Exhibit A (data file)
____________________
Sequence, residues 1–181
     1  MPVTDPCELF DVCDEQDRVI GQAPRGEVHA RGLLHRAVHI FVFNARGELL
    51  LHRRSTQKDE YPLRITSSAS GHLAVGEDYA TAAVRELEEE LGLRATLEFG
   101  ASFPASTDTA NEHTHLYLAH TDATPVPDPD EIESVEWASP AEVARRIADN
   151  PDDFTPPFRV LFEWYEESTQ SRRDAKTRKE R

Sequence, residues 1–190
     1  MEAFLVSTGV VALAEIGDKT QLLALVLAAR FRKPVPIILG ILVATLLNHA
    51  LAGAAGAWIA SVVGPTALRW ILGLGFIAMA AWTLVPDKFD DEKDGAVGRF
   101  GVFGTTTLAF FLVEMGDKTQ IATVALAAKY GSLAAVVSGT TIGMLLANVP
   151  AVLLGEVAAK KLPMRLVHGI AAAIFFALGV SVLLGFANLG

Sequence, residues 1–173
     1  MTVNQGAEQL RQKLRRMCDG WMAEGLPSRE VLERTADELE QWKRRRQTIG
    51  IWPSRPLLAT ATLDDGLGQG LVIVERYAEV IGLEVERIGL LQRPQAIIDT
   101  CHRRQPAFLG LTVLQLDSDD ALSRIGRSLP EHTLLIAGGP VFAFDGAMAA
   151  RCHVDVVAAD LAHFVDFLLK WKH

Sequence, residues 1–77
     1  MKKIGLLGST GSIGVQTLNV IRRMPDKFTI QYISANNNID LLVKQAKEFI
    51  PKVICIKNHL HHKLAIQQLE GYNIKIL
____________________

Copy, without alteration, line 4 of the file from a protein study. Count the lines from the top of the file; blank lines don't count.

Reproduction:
   101  ASFPASTDTA NEHTHLYLAH TDATPVPDPD EIESVEWASP AEVARRIADN